Amapola, Common Poppy, Copperose, Coquelicot, Corn Rose, Cup-Puppy, Field Poppy, Flanders Poppy, Grand Coquelicot, Headache, Headwark, Lalpost, Papaver rhoeas, Pavot Coquelicot, Pavot des Moissons, Pavot Rouge, Ponceau, Rakta Posta, Rakta-Posta, Rakta Khakasa, Red Poppy, Rhoeados Flos, Shirley Poppy.<br/><br/>


Overview Information

Corn poppy is an plant with bright red flowers. People use the dried flowers to make medicine.

Corn poppy is used for breathing disorders, insomnia, cough, pain, and other conditions, but there is no good scientific evidence to support these uses.

In foods, corn poppy is an ingredient in some "metabolic" teas. Some people eat corn poppy as a vegetable.

Do not confuse corn poppy with poppy seed, which is used in food and to make opium. Also, don't confuse corn poppy with another type of poppy called California poppy.

How does it work?

There isn't enough information available to know how corn poppy works.


Uses & Effectiveness?

Insufficient Evidence for

  • Breathing disorders.
  • Insomnia.
  • Cough.
  • Pain.
  • Withdrawal from heroin, morphine, and other opioid drugs.
  • Other conditions.
More evidence is needed to rate the effectiveness of corn poppy for these uses.

Side Effects

Side Effects & Safety

When taken by mouth: Dried corn poppy flowers are POSSIBLY SAFE for most adults when taken by mouth as a medicine in appropriate amounts. Traditionally, tea prepared with 2 teaspoonfuls (about 16 grams) of dried corn poppy flower seem to be safe when taken 2-3 times daily. But corn poppy flower is POSSIBLY UNSAFE when used in large amounts. Eating large amounts of corn poppy flower (about 250-500 grams) may cause nausea, vomiting, seizures, changes in heartbeat, and even lose consciousness.

Special Precautions & Warnings:

Children: The FRESH leaves and blossoms are POSSIBLY UNSAFE for use in children. They might cause side effects such as vomiting and stomach pain when eaten. There isn't enough information to know if DRIED corn poppy flowers are safe for children to use. It's best to avoid use.

Pregnancy and breast-feeding: There is not enough reliable information about the safety of taking corn poppy flowers if you are pregnant or breast-feeding. Stay on the safe side and avoid use.



We currently have no information for CORN POPPY Interactions.



The appropriate dose of corn poppy depends on several factors such as the user's age, health, and several other conditions. At this time there is not enough scientific information to determine an appropriate range of doses for corn poppy. Keep in mind that natural products are not always necessarily safe and dosages can be important. Be sure to follow relevant directions on product labels and consult your pharmacist or physician or other healthcare professional before using.

View References


  • El Masry, S., El Ghazooly, M. G., Omar, A. A., Khafagy, S. M., and Phillipson, J. D. Alkaloids from Egyptian Papaver rhoeas. Planta Med 1981;41(1):61-64. View abstract.
  • Gamboa, P. M., Jauregui, I., Urrutia, I., Gonzalez, G., Barturen, P., and Antepara, I. Allergic contact urticaria from poppy flowers (Papaver rhoeas). Contact Dermatitis 1997;37(3):140-141. View abstract.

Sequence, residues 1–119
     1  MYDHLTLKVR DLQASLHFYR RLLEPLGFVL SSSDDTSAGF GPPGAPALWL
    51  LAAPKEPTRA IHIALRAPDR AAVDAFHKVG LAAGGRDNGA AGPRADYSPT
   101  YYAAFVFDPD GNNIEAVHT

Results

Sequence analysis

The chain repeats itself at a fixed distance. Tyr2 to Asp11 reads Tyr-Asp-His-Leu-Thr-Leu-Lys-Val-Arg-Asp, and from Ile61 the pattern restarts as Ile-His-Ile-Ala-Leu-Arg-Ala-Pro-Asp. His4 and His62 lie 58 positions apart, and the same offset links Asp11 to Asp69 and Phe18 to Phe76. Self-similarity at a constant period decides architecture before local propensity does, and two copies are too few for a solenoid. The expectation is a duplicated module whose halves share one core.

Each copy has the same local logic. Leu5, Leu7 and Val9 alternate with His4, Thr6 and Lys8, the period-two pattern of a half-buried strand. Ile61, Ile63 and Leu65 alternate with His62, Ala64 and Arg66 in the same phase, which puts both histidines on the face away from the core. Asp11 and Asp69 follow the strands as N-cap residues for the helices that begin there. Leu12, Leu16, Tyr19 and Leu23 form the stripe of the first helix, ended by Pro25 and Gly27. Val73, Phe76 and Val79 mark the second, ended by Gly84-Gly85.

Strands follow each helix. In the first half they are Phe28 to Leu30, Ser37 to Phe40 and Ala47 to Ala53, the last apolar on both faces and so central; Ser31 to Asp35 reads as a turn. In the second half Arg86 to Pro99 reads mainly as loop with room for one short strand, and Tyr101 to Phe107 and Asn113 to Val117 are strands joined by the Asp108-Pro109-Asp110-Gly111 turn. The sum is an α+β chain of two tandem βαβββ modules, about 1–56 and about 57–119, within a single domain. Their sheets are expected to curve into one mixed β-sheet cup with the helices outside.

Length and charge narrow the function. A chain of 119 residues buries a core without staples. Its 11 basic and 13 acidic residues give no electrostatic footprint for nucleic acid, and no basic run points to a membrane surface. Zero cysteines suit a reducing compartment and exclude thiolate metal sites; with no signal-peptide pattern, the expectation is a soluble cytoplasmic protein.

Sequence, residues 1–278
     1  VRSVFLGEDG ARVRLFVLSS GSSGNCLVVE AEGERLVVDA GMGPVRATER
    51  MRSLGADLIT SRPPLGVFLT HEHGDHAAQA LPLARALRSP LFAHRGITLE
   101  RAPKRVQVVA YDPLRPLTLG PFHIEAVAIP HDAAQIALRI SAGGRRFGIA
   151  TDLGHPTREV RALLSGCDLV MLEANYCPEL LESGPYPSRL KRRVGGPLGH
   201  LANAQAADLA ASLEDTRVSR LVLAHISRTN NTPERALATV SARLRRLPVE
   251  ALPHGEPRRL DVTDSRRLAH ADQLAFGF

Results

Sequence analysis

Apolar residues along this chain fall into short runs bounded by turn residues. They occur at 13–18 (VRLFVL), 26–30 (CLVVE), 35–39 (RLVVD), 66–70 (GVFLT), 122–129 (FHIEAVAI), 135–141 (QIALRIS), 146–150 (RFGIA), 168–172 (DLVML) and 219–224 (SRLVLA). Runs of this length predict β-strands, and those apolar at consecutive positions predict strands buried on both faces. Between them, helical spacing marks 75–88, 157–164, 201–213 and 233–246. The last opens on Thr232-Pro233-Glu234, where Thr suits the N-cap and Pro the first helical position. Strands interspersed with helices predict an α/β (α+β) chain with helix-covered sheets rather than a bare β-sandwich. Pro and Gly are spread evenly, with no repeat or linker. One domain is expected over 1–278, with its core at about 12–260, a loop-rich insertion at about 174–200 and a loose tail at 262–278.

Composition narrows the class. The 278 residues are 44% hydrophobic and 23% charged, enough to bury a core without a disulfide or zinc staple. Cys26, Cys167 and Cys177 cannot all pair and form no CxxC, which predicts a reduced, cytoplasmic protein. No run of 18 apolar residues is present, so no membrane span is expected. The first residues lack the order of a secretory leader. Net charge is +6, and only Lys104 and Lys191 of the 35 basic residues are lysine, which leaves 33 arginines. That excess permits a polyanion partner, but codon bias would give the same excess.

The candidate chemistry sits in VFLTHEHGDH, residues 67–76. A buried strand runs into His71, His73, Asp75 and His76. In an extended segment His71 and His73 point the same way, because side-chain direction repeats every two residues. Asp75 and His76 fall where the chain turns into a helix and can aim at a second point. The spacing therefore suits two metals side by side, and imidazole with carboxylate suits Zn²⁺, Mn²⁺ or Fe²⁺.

• Hillenbrand, M., Zapp, J., and Becker, H. Depsides from the petals of Papaver rhoeas. Planta Med. 2004;70(4):380-382. View abstract.
  • Pourmotabbed, A., Rostamian, B., Manouchehri, G., Pirzadeh-Jahromi, G., Sahraei, H., Ghoshooni, H., Zardooz, H., and Kamalnegad, M. Effects of Papaver rhoeas extract on the expression and development of morphine-dependence in mice. J Ethnopharmacol 2004;95(2-3):431-435. View abstract.
  • Sahraei, H., Faghih-Monzavi, Z., Fatemi, S. M., Pashaei-Rad, S., Salimi, S. H., and Kamalinejad, M. Effects of Papaver rhoeas extract on the acquisition and expression of morphine-induced behavioral sensitization in mice. Phytother Res 2006;20(9):737-741. View abstract.
  • Sahraei, H., Fatemi, S. M., Pashaei-Rad, S., Faghih-Monzavi, Z., Salimi, S. H., and Kamalinegad, M. Effects of Papaver rhoeas extract on the acquisition and expression of morphine-induced conditioned place preference in mice. J Ethnopharmacol 2-20-2006;103(3):420-424. View abstract.
  • Soulimani, R., Younos, C., Jarmouni-Idrissi, S., Bousta, D., Khalouki, F., and Laila, A. Behavioral and pharmaco-toxicological study of Papaver rhoeas L. in mice. J Ethnopharmacol 3-3-2001;74(3):265-274. View abstract.
  • Günaydin YK, Dündar ZD, Çekmen B, Akilli NB, Köylü R, Cander B. Intoxication due to Papaver rhoeas (Corn Poppy): Five case reports. Case Rep Med. 2015;2015:321360. View abstract.
  • Kati V, Corre VL, Michel S, et al. Isolation and characterisation of 11 polymorphic microsatellite markers in Papaver rhoeas L. (Corn Poppy), a major annual plant species from cultivated areas. Int J Mol Sci. 2012;14(1):470-9. View abstract.

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CONDITIONS OF USE AND IMPORTANT INFORMATION: This information is meant to supplement, not replace advice from your doctor or healthcare provider and is not meant to cover all possible uses, precautions, interactions or adverse effects. This information may not fit your specific health circumstances. Never delay or disregard seeking professional medical advice from your doctor or other qualified health care provider because of something you have read on WebMD. You should always speak with your doctor or health care professional before you start, stop, or change any prescribed part of your health care plan or treatment and to determine what course of therapy is right for you.

This copyrighted material is provided by Natural Medicines Comprehensive Database Consumer Version. Information from this source is evidence-based and objective, and without commercial influence. For professional medical information on natural medicines, see Natural Medicines Comprehensive Database Professional Version.
© Therapeutic Research Faculty 2018.